The Roman Catholic Church

Image Copyright
The Church of The Sacred Heart is also is a well known landmark in Tunstall. The Church, with its copper domes, dominates the landscape, especially from High Lane. The church, sited on Queen’s Avenue, is really a testimony to one legendary man, Father P.J.Ryan. He it was who had the vision to give Tunstall Catholics the finest church in the area. He commissioned an architect, J.S. Brocklesby, with a demanding brief and that was to design the biggest, most imposing and most beautiful church in the area. Fr Ryan dragged Brocklesby all over Europe looking for inspiration. I suspect that he never intended to give the architect free reign and Brocklesby finally gave up on the task. Undaunted Fr Ryan decided to go it alone, and, with the help of unpaid, almost pressed labour, the church was completed and opened in 1930. Such was the compelling character of this ‘turbulent priest’ that it is said that his funeral procession was some five miles long and brought the Potteries to a standstill. In a largely Protestant area, with the sometimes suspicious fears of Catholicism, this speaks volumes about the man.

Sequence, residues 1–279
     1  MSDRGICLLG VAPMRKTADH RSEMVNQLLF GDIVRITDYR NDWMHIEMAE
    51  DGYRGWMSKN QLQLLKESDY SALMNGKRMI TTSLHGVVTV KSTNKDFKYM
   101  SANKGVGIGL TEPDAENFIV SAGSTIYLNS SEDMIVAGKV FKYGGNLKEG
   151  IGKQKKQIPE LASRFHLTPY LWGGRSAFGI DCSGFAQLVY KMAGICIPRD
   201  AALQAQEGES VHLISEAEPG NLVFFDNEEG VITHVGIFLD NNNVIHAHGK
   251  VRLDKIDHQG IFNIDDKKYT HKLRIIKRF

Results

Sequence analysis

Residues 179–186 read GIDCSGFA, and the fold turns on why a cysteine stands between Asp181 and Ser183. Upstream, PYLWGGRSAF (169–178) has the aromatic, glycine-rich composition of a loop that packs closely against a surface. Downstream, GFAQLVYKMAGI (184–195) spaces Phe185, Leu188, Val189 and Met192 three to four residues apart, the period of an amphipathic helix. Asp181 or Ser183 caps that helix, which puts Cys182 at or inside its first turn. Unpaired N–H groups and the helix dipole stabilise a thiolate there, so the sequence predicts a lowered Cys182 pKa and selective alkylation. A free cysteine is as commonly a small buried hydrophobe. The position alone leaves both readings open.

The Anglican building, Christ Church Tunstall, by Francis Bedford, with extensions by A.R.Wood is by comparison an unimposing edifice built in the 1832 under the patronage of Ralph Sneyd Esq. at a cost of £400 for the site alone.The growing population during the 19th century, required the need for a Church in Tunstall. Church of England worshippers had to travel in all weathers and on poor roads to the mother church, St Margaret’s Wolstanton. In 1738 Tunstall had a population of a mere 200. By 1838 this figure had risen to a staggering 6,608 living in some 1,400 houses. An Act was passed for the building of churches in ‘highly populated areas’ and in 1829 the people of Tunstall filed an application. Christ Church was built at a cost of £3,146. Of this figure £1000 was raised by local people and the Church Commissioners paid the rest. Such were these the days of faith that it was thought necessary to build a church which would accommodate 1000 people!